10 Now we will “break” into groups At your tables, you’ll be assigned 1-2 of the documents in the packet. After we’re done analyzing, we will come together to fill in the chart as a group with each table providing the “expert” analysis for their sources.

11 Now let’s examine some deeper questions: Each table will have 1-2 questions to answer: Examine the detail given to the physical appearance and dress of the runaways. Describe the “typical” depiction of slaves and servants. What were the typical clues (spoken or otherwise) that indicated a person’s status of slave, servant, or free? What evidence is presented of the techniques and methods runaways used to make their way to freedom? What skills or attributes were helpful in doing so? Look closely at sources 4,12, and 13; who was most likely to help a runaway to freedom and why? What types of racial and ethnic diversity presents itself in the advertisements? How does the indication of a place of origin contribute to how you view their motive and method for running away? Are there significant differences in how the advertisements are constructed from one region to another? Create a 3-circle Venn Diagram that highlights the regional variations in slavery and servitude in colonial America. Where in the advertisements do you see evidence of different methods used to re-capture runaway slaves? Do they differ from the methods utilized to apprehend servants? How? This is a great opportunity to create a T-Chart or a Venn Diagram. Using the evidence in the advertisements, compare the institutions of slavery and servitude in colonial America. Construct a Venn Diagram comparing and contrasting the worlds of slaves and servants.

12 More content and context: We can look in many different areas for context: Why did owners wait a significant period of time before placing an advertisement? SPEC? Politically... In the power relationship between slave/ servant and master, a form of protest was often to run away for a few days. Since placing an ad in the paper was an additional cost (economic), an owner needed to wait until it was certain a runaway had occurred.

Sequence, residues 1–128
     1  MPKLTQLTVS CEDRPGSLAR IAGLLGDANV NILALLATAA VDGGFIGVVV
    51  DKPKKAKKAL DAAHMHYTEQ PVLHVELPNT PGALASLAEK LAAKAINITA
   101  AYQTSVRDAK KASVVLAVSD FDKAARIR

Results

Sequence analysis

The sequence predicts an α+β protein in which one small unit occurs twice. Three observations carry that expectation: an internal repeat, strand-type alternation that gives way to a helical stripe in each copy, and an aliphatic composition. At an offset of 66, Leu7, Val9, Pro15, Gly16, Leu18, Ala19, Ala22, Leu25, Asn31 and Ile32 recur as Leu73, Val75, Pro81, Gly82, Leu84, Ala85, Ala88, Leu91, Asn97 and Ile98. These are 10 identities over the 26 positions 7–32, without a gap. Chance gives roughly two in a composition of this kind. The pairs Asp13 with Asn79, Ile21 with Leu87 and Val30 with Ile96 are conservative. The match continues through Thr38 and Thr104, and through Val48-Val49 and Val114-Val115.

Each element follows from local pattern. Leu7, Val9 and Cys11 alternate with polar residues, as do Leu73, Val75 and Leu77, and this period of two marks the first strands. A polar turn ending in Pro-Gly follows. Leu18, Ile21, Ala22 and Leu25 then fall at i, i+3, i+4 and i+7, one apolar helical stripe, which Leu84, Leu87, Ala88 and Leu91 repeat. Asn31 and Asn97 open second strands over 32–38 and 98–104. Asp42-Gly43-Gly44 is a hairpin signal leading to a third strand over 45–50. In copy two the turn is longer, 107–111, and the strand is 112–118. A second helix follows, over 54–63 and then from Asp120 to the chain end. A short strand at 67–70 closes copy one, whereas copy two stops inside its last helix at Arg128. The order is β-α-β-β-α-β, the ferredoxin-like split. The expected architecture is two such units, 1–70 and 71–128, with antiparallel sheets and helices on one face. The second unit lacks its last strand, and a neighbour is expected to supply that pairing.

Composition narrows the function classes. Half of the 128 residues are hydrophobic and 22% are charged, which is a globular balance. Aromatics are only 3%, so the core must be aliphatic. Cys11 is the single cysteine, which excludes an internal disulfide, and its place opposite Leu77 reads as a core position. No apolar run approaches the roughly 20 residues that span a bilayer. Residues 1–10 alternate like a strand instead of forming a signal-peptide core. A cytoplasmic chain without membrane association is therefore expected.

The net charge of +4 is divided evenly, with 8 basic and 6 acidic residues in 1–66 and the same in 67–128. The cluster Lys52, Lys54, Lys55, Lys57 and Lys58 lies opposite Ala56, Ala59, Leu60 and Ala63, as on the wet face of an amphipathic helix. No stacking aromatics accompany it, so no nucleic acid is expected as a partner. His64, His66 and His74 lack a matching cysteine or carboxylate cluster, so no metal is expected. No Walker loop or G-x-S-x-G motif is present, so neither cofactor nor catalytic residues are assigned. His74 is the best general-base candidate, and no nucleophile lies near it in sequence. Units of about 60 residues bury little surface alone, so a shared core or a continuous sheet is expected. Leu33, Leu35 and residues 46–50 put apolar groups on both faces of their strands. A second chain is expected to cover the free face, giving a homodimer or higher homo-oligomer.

13 What happens after the Revolution? Let’s link this to our prior knowledge! After the American Revolution we begin to see the end of indentured servants as many saw this as incompatible to democratic values I know I know – We could be perplexed by this for DAYS and DAYS Also – as the northern states began to industrialize at a more rapid pace than the south, wage labor gradually changed the system of journeyman and apprentice (who used to receive room, board and clothing instead of wages). An aside – the change in this system led to MORE social and geographic segregation between employer and employee, thereby changing the relationship... We could look further into the rise of unions and as a NEXT BIG STEP.

14 BUT: The system of slavery also changed: As slavery and indentured servitude receded in the north, technological innovations and westward expansion assisted in making slave labor the cornerstone of the Southern economy. This is going to lead to the beginning of an uneasy relationship between the Northern and Southern states over the issue of states rights... (And I’m not talking about the right to secede or the South’s wish to nullify Federal law)...

15 The North’s Argument for States Rights... Northern states (inspired by Abolitionists) attempted to refuse to enforce Fugitive slave laws: Article IV, Section 2 of the Constitution Prohibits states from passing laws that would confer freedom upon runaways from other states And the 1850 Federal Fugitive Slave Law (Lesson learned, States Rights is not only associated with the South)

16 Considerations: How might we adapt this “type” of assignment? What modifications could we make if students have no prior knowledge? Prior knowledge is an interesting thing indeed. In creating this presentation I had to understand that you as the “learner” had some prior knowledge but your students probably wouldn’t have any (depending on grade level etc etc)

17 Questions:

18 Thank You! afitzpatrick@aihe.info